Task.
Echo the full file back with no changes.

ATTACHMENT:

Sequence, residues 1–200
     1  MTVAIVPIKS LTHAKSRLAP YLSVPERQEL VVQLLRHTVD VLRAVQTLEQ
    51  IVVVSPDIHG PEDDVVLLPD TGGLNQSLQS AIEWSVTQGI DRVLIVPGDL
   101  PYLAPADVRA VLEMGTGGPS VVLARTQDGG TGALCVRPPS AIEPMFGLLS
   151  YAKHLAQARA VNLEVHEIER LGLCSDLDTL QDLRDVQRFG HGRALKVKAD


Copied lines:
Sequence, residues 1–200
     1  MTVAIVPIKS LTHAKSRLAP YLSVPERQEL VVQLLRHTVD VLRAVQTLEQ
    51  IVVVSPDIHG PEDDVVLLPD TGGLNQSLQS AIEWSVTQGI DRVLIVPGDL
   101  PYLAPADVRA VLEMGTGGPS VVLARTQDGG TGALCVRPPS AIEPMFGLLS
   151  YAKHLAQARA VNLEVHEIER LGLCSDLDTL QDLRDVQRFG HGRALKVKAD